Continuing to make the difference through difference, Clean Feed has recently released three more records.
One of them is “Zul Zelub” by Jorge Lima Barreto, one of the halves of Telectu and one of the most influential names in Portuguese contemporary music.
The concept of this album comes from the so called “unrealized music energy”, a theory developed by Lima Barreto with João Marques Carrilho. The idea is that, in the moment immediately before starting to improvise, the musician forms a purely mental investment of memory and intention, something of the metaphysical domain in which the music retains a dream-like flux.
As with any conceptual work of art — in this case an improvised work — this record has several layers. In its essence, this is a piano solo recorded live in concert. It is simultaneously lyrical and experimental, rare combination. It addresses dynamics of time and textural timbres, spontaneous preparations, and metamorphic melodic figures. The piano melds with a short wave radio receiver in “Zul” and with four CD players projecting a montage of natural sounds in “Zelub”. These techniques bring to mind the avant-garde music and Fluxus movement of John Cage and his use of multimedia and interart (video, installation, performance art) in some of his compositions. In the studio, the live recordings were remastered and manipulated to create new textures and structures preserving the original solo piano.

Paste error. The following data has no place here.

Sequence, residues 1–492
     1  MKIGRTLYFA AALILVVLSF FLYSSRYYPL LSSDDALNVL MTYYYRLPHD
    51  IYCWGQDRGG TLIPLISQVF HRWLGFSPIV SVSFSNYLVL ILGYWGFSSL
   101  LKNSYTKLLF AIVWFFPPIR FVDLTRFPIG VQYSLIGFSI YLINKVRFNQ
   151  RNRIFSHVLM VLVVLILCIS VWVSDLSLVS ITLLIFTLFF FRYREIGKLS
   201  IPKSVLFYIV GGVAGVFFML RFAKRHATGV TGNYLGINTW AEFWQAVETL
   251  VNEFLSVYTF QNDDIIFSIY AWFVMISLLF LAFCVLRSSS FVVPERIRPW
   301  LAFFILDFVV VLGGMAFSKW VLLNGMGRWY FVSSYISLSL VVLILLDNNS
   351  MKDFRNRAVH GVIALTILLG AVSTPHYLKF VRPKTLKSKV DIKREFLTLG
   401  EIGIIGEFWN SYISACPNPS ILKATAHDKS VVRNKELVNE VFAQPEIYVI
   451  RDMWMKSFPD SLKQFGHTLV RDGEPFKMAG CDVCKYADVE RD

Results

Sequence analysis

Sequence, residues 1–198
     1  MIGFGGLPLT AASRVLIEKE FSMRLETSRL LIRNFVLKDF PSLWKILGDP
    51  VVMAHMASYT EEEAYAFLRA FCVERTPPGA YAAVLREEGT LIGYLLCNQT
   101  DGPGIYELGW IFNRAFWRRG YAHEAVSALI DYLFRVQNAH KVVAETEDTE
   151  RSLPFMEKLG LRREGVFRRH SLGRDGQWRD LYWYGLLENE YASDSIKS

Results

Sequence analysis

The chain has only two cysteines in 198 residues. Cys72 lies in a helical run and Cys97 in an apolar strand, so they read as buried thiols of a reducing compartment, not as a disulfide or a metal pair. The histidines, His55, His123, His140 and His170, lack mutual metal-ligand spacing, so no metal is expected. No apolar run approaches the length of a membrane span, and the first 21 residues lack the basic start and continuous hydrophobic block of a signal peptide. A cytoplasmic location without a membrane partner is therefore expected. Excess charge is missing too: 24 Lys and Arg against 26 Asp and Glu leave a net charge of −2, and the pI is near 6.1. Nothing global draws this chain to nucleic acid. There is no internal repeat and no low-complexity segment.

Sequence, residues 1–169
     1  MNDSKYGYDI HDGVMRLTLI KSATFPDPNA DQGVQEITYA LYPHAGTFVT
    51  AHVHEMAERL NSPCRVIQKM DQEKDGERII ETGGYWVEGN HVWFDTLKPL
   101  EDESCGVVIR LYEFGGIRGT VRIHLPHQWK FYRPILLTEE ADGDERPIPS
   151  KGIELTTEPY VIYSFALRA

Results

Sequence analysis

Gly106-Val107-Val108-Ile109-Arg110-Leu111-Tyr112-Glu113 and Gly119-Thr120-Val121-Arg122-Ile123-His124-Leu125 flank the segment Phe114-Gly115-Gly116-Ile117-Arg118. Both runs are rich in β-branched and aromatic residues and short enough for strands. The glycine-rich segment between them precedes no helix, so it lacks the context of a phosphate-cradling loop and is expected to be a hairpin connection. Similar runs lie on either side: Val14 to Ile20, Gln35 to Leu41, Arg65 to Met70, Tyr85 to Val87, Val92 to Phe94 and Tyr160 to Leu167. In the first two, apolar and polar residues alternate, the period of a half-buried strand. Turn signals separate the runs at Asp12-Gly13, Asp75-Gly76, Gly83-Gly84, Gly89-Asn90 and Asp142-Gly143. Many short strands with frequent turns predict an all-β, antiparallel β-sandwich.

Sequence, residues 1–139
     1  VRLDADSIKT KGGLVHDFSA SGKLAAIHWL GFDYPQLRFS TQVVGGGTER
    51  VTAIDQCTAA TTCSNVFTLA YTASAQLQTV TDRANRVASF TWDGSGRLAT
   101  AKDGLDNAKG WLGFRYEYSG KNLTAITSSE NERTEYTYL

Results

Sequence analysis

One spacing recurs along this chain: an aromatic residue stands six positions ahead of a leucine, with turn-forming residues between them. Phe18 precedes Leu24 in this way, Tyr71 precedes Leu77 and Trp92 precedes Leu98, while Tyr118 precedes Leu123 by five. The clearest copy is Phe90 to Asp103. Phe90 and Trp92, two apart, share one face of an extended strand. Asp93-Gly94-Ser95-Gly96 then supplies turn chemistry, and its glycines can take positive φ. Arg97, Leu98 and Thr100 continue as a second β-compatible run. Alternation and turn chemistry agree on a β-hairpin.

Another fresh item at Clean Feed’s catalogue is “Every Woman is a Tree”, by the Angles collective: a free jazz record with a post-bop twist. Angles is formed by Swedish alto (and sometimes baritone) saxophonist Martin Küchen, a musician that spans the artificial divisions imposed between the “new” and the “old” improvising schools, with radical extended techniques such as the sonic use of saliva.
In “Every Woman is a Tree”, Küchen accompanied by some of the most interesting musicians on the Scandinavian scene: Magnus Broo (trumpet), Mats Äleklint (trombone), Mattias Ståhl (vibraphone), Johan Berthling (contrabass) and Kjell Nordeson (drums). This is a recording that, although “thought out” and structured, it’s still organic and is even visceral, as the subject of this record – “war” – requires.
Finnally, we’ve got Lugar da Desordem, which joins in itself Bruno Pedroso, Ken Filiano and Paulo Curado for “The Bird, the Breeze and Mr. Filiano” work.
This is the result of the association of an unorthodox jazzman (Curado), who also composes for the performing arts and film (with a particular interest for animated cartoons), a bassist with classical education and strong roots in jazz history but also the vocation to go beyond the tradition (Ken Filiano), and a drummer who plays mainstream and avant-garde with equal conviction and skill (Bruno Pedroso). The recording is a wonder of purpose, delivery, drive and energy, with focused attention to detail and nuance. It demonstrates that a power jazz trio can be sensible and lyrical, even if in a twisted way.
Images: Clean Feed